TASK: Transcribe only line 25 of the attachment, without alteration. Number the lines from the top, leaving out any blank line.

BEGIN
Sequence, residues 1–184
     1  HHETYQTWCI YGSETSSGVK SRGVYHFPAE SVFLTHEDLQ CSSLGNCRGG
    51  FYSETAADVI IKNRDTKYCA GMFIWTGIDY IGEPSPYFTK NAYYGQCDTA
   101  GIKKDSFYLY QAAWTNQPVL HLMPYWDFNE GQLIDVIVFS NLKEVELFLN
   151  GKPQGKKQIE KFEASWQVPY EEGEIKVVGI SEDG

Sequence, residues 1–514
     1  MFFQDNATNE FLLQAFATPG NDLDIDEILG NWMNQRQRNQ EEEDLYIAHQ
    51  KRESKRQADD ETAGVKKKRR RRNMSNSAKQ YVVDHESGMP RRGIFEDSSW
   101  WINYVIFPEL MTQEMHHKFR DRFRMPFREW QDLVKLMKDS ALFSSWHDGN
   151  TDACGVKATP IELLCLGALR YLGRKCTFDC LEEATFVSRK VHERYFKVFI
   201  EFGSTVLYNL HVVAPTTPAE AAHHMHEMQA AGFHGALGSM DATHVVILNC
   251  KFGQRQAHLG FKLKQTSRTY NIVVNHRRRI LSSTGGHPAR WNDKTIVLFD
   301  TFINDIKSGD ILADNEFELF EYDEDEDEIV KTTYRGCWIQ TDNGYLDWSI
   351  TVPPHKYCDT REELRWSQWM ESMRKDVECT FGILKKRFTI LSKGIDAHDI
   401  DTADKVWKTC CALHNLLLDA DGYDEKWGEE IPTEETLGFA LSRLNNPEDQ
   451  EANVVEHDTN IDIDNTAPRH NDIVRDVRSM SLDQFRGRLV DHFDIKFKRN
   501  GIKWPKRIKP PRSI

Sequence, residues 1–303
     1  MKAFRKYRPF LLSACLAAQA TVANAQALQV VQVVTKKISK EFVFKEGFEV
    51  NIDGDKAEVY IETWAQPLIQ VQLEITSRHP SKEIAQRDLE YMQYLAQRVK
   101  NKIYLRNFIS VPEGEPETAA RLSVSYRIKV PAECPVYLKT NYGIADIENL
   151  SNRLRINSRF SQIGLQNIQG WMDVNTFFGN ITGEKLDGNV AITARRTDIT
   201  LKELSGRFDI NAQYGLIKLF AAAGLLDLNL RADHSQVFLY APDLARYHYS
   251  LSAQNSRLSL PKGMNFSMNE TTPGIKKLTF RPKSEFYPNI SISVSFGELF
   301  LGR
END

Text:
   301  LGR